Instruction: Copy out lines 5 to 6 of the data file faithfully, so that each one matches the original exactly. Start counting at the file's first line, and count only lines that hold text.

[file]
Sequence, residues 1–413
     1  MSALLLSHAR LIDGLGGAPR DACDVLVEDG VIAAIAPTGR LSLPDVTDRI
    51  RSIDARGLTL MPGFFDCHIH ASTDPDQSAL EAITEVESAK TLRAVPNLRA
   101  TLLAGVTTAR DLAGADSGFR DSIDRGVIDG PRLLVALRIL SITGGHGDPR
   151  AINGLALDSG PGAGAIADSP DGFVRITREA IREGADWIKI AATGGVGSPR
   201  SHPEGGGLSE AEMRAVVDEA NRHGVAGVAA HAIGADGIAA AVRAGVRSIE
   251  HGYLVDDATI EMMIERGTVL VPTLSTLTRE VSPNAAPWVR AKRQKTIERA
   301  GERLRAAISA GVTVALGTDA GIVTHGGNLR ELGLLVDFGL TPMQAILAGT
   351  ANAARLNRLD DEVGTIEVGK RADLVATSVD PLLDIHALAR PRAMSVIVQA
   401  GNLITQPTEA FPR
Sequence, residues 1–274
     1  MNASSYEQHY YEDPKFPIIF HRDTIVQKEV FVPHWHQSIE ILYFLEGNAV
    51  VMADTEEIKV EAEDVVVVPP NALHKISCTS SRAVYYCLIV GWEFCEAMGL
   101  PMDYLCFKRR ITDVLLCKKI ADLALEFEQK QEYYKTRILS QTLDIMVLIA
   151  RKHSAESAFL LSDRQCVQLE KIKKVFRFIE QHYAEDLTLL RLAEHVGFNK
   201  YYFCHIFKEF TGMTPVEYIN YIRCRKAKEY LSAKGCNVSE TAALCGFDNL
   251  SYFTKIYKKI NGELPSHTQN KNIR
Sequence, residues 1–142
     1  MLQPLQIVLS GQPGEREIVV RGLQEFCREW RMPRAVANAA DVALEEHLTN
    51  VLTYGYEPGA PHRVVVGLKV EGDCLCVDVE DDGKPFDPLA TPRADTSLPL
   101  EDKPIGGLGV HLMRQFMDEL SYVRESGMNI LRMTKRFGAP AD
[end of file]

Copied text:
   151  AINGLALDSG PGAGAIADSP DGFVRITREA IREGADWIKI AATGGVGSPR
   201  SHPEGGGLSE AEMRAVVDEA NRHGVAGVAA HAIGADGIAA AVRAGVRSIE